As Japan’s oldest university, The University of Tokyo is an institution that has a rich history, intertwined deep into modern Japanese Society. Established in 1877 by the Meiji Government, the University of Tokyo became the forerunner in tertiary education in Japan. Under the 1949 education reforms, the University of Tokyo led the way as Japan became a democratic nation.
As its name suggests, the University of Tokyo is located in Tokyo, Japan. Tokyo rivals London, Paris and New York when it comes to economic and political influence. The largest metropolitan city in the world, Tokyo is home to over 76% of foreign companies based in Japan. The University of Tokyo has five campuses: Hongo, Komaba, Kashiwa, Shirokane, and Nakano. The main campuses – Hongo, Komaba, and Kashiwa – are where most of the students participate in classes and research.
The University of Tokyo is consistently ranked as the best university in Japan. According to Toyo Keizai’s “Truly Strong Universities” ranking, University of Tokyo has been at the top of the list for the since 2008. Globally, Times Higher Education ranks University of Tokyo in the top 50 consistently, coming in at 42nd for 2019. The Center for World University Rankings ranked University of Tokyo as 12th globally. University of Tokyo has a long list of accomplished alumni, including 15 former prime ministers of Japan and 10 Nobel Laureates.
The University of Tokyo offers two programmes targeted towards foreign students, one under the Programs in English at Komaba (PEAK programme) banner, and another called the Global Science Course, which is an undergraduate transfer program. PEAK courses are four years long, and are held entirely in English, with compulsory Japanese language classes. University of Tokyo accepted 61 students out of 322 applicants in 2017. Out of the 61 students, 12 students were Japanese, and the rest were from various countries around the world, including New Zealand, China, Philippines, Vietnam, and Switzerland. GSC courses are different, and will be discussed in detail later.
The University of Tokyo has five campuses. However, Students under the PEAK program have most of their courses conducted at the Komaba campus. The campus has its own train station called ‘Komaba-Todaimae‘ Station, on the Keio-Inokashira line. In addition to the PEAK undergraduate students, first and second year students under the Japanese curriculum, and students studying under the liberal arts program share this campus.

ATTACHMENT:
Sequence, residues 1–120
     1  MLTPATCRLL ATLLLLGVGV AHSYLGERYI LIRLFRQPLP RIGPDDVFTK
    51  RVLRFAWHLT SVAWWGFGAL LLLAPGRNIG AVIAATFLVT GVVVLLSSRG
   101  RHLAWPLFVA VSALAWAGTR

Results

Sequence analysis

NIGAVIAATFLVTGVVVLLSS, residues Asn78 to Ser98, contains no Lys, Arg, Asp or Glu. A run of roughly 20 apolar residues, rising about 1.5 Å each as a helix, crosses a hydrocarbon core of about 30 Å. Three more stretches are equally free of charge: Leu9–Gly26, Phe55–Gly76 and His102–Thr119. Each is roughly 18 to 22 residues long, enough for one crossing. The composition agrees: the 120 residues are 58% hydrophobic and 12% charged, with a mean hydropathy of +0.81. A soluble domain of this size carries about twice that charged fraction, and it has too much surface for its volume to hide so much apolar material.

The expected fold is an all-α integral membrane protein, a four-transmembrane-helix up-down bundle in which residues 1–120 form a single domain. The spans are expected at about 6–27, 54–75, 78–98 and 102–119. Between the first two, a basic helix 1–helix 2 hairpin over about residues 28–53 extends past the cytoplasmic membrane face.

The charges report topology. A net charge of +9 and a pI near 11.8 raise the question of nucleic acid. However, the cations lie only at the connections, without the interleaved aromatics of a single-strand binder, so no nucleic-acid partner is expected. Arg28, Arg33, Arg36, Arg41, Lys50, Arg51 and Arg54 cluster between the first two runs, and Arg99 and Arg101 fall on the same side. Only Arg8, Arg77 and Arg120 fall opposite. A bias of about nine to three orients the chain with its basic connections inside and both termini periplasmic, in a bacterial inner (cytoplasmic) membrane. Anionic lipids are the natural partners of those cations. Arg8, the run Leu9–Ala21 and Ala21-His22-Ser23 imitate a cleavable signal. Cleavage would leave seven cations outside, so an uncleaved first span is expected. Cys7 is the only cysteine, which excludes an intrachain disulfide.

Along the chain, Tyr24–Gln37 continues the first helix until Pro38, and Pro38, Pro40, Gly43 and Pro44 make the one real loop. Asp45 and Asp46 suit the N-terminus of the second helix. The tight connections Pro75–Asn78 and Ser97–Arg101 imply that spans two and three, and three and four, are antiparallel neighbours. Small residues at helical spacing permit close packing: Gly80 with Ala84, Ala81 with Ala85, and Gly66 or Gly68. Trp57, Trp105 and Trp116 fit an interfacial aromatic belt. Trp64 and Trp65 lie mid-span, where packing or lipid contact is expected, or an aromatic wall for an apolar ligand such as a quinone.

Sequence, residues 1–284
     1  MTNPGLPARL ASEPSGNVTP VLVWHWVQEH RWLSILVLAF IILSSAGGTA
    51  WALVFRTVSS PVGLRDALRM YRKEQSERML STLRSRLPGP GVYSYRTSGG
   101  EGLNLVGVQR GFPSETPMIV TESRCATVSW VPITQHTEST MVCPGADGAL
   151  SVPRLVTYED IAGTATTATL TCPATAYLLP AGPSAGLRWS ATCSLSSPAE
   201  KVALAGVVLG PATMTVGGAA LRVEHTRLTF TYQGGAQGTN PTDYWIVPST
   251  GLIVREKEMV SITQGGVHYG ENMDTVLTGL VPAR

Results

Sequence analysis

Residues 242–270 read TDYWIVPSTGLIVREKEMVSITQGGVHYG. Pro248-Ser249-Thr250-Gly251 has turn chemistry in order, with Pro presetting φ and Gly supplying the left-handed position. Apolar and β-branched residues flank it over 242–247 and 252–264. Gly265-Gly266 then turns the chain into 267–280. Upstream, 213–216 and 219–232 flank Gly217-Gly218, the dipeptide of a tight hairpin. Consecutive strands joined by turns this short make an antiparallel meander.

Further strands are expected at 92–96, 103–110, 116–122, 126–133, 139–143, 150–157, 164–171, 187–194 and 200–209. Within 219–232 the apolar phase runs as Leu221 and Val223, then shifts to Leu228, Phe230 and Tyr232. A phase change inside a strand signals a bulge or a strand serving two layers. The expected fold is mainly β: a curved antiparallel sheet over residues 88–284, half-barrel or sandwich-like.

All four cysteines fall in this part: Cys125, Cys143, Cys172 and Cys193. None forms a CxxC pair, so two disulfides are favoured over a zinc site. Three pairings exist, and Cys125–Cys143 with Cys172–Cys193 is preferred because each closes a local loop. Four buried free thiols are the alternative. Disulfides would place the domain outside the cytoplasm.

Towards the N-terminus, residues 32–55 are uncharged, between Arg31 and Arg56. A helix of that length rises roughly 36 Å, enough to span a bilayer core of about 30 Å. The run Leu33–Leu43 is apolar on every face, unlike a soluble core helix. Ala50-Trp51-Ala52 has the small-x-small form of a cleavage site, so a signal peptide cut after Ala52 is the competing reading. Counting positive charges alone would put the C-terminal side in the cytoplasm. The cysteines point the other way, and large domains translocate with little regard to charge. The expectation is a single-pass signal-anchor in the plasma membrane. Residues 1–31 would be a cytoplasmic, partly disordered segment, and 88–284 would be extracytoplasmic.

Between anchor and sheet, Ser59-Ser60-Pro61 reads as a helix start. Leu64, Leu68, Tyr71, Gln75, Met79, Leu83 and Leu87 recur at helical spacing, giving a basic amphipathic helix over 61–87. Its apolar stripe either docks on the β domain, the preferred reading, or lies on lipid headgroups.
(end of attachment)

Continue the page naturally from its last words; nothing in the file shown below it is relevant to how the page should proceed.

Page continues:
Walking from the station towards Komaba campus, the very first gate you see is the main gate. Right behind the main gate, the clock tower is the first landmark you will see. Rebuilt once after the Great Kanto earthquake, the Clock Tower represents the unity between the University of Tokyo and the First Higher School of Tokyo. Surrounding the tower are Western Oak trees and Olive Trees.
Past the main gate you will come across the Communications Plaza. Designed for regular classes, research, and extra-curricular activities, the Communications Plaza acts as a large student facility which also contributes to the community. The Plaza also has a co-op bookstore, a co-op cafeteria, and a media gallery where art exhibitions are held. In addition, there is a Japanese-style house where students can participate in Japanese tea ceremonies and flower arrangement.
Next up, the 21 Komcee building. This building is one of the newest buildings in Komaba, having been completed in 2011. 21 Komcee reaffirms University of Tokyo’s commitment towards its third major phase of development; to be a driving force in world-class academic research and nurture citizens with a global outlook. The 4500㎡ complex was built as a collaborative effort between New Energy and Industrial Technology Development Organization (NEDO) and the University of Tokyo Institute of Industrial Science, and it was built as part of NEDO’s ‘Demonstration Project for Next-Generation Energy-Conservation Construction’. This state-of-the-art building uses cutting edge technology such as groundwater air-conditioning, radiant air-conditioning, solar power generation, and Artificial Intelligence energy management to ensure that it maintains its status of being a Zero Energy Building.